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Proposals for voluntary incorporation were made by the majority of the Commissioners both of the Royal Commission on Trade Unions of 1867 and the Royal Commission on Labor, 1894, but in both instances there were minority Reports signed by the representatives of Trade Unions of workmen dissenting from these proposals. It is quite true that several of our witnesses representing various interests as employers have stated they see no objection to this course, but we have not had the advantage of hearing the views of the Trade Unions of the employed on the point. On the other hand, most of our witnesses have expressed no opinion on this particular point, whereas there has been a unanimous opinion expressed by our witnesses as to leaving the liability of Trade Unions to rest on the decision of the House of Lords in the Taff Vale case.

Under these circumstances I cannot concur in the recommendation of voluntary incorporation "subject to proper conditions" being made possible by Act of Parliament. The advisability, or otherwise, of this course would largely depend on the views taken as to what were proper conditions" as to which the recommendation is discreetly silent.

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My personal experience of industrial conditions has proved that satisfactory and binding agreements can be made between employers and workmen, as individuals, without the intervention of a Trade Union. I am anxious that workmen should be as free as at present to conclude such arrangements directly, without Trade Union intervention, but, as several of our witnesses have pointed out the advisability of making agreements entered into between Trade Unions of workmen and Trade Unions of employers legally enforceable, which at the present time they are not, owing to Sub-section 4 of Section 4 of the Trade Union Act of 1871, I agree, therefore, that this Sub-section should be repealed. I cannot assent to the Recommendation that "Section 4 of the Act of 1871, or some one or more of its Sub-sections," should likewise be repealed on the ground that this repeal is necessary to allow Trade Unions to enter into enforceable agreements with their own members. The sub-sections alluded to in this Recommendation, although vaguely referred to as "one or more," are no doubt Sub-sections 1, 2, and 5. The witnesses who have been before us as representing Trade Unions of em

ployers have not advised this repeal as necessary, and we have not had the advantage of hearing the views of witnesses on this point on behalf of the Trade Unions of workmen.

It appears to me that this repeal would enable the Trade Unions to bring actions and obtain injunctions against individual members while leaving the individual members still unable through the operation of Sub-section 3 (a) of Section 4 to bring an action against the Trade Union of which they were members for refusing to apply for their benefit the benefit funds to which they had contributed. The repeal of this Sub-section 3 (a) of the 4th section of the Trade Union Act of 1871 would relieve many members of Trade Unions from hardships to which they are at present exposed through its existence, as set forth in the evidence given before us, and I therefore recommend that this should also be repealed in addition to the repeal of Sub-section 4 of the 4th section of the Trade Union Act of 1871.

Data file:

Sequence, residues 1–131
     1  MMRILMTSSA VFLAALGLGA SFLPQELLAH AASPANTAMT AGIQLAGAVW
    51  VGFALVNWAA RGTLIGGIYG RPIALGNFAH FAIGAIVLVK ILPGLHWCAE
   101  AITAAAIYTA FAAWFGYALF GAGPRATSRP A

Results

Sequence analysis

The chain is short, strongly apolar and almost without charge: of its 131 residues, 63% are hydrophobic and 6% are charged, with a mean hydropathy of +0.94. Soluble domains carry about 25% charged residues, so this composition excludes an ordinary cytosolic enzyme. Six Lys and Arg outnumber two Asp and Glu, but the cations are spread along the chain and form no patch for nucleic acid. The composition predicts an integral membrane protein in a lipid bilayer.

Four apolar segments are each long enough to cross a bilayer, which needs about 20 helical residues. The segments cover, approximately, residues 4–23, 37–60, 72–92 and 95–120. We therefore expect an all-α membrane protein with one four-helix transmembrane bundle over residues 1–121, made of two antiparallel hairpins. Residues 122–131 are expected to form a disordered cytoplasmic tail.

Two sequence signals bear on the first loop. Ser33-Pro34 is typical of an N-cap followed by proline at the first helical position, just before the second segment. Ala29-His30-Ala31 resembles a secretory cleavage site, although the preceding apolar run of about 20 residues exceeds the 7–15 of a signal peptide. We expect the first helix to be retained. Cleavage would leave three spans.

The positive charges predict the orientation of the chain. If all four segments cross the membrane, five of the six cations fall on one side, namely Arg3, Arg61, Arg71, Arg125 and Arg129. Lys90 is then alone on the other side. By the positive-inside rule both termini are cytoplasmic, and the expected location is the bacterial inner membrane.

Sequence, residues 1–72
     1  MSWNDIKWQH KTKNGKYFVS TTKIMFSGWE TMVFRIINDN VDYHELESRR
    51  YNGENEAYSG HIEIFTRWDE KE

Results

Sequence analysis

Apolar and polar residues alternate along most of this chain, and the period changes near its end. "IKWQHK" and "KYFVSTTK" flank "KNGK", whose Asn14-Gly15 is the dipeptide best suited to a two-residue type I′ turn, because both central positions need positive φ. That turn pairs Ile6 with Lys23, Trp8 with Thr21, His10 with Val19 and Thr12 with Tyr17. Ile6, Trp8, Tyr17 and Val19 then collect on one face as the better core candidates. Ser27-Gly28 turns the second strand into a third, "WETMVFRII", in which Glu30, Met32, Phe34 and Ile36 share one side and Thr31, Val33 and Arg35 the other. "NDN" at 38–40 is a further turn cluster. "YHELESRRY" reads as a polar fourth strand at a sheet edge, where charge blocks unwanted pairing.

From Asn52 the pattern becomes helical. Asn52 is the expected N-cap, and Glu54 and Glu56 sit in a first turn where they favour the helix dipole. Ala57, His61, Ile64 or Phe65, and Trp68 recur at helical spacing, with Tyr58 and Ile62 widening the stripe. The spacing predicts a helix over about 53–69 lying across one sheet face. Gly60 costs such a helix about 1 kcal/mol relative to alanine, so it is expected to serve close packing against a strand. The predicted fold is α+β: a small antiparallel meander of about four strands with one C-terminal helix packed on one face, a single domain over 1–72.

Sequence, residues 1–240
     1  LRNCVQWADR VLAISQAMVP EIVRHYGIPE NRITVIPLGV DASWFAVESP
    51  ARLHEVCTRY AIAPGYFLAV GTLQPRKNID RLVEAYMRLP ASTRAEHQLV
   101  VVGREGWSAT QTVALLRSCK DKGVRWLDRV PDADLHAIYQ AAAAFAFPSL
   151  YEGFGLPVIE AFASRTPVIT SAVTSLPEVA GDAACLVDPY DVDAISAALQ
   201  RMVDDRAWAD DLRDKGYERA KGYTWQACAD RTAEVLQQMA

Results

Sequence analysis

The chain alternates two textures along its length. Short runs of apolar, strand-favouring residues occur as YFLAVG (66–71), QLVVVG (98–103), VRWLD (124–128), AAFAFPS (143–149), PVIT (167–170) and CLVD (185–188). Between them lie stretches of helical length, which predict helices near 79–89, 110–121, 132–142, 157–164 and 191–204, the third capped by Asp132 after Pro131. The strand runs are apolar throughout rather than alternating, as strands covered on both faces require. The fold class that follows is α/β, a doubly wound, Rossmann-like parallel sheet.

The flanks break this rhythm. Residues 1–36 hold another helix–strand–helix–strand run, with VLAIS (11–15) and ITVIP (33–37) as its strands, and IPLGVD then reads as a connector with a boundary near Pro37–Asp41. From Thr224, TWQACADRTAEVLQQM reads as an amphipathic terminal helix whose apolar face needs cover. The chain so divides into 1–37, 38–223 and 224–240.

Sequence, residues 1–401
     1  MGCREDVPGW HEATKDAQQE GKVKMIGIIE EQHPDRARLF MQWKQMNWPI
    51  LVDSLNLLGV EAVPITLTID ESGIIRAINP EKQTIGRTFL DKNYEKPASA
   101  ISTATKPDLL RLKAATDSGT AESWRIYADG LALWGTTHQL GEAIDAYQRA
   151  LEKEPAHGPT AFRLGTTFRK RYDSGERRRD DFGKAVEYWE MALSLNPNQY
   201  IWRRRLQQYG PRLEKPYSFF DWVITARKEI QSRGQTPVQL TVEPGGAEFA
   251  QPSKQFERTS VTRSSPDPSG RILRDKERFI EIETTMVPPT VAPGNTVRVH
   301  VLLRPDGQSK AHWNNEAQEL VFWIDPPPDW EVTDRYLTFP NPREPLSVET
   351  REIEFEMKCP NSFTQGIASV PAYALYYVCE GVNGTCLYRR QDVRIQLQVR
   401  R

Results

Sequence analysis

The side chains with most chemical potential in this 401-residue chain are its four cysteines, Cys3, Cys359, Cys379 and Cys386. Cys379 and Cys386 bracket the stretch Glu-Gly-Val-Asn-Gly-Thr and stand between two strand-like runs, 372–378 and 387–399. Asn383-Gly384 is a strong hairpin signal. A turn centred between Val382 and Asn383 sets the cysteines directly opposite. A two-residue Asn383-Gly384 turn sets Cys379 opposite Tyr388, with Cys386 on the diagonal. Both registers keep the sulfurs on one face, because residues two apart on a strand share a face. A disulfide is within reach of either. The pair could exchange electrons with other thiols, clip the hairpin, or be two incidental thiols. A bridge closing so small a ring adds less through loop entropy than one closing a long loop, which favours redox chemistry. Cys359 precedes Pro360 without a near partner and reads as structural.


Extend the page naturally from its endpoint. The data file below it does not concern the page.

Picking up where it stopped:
I again have the pleasure of associating myself with the arguments advanced by Sir Godfrey Lushington in his Report, against this Recommendation (7) of the Majority Report, though I am willing, as stated above, to assent to the repeal of Subsection 4 of Section 4 of the Trade Union Act, 1871, which would be in accordance with the suggestions advanced by several of our witnesses.

Recommendation VIII. of the Majority Report.

(8) "That an Act should be passed to alter the 7th Section of the Conspiracy and Protection of Property Act, 1875, by repealing Sub-section 4 and the proviso, and in lieu thereof enacting as a new Sub-section (which would also supersede Subsection 1): Acts in such a manner as to cause a reasonable apprehension in the mind of any person that violence will be used to him or his family, or damage be done to his property." The Conspiracy and Protection of Property Act, so far as it would be repealed in consequence of Recommendation (8) of the Majority Report is as follows:

Section VII. Every person who, with a view to compel any other person to abstain from doing or to do any act which such other person

has a legal right to do or abstain from doing wrongfully and without legal authority,

1. Uses violence to or intimidates such other person or his wife or children, or injures his property; . . .

4. Watches or besets the house or other place where such other person resides, or works, or carries on business or happens to be, or the approach to such house or place;

shall on conviction thereof by a court of summary jurisdiction, or on indictment as hereinafter mentioned be liable either to pay a penalty not exceeding twenty pounds, or to be imprisoned for a term not exceeding three months, with or without hard labor.

Attending at or near the house or place where a person resides, or works, or carries on business, or happens to be, or the approach to such house or place, in order merely to obtain or communicate information, shall not be deemed a watching or besetting within the meaning of this section.

"Watching and besetting" is at present a criminal offence. If this Recommendation (8) were acted upon it would no longer be so.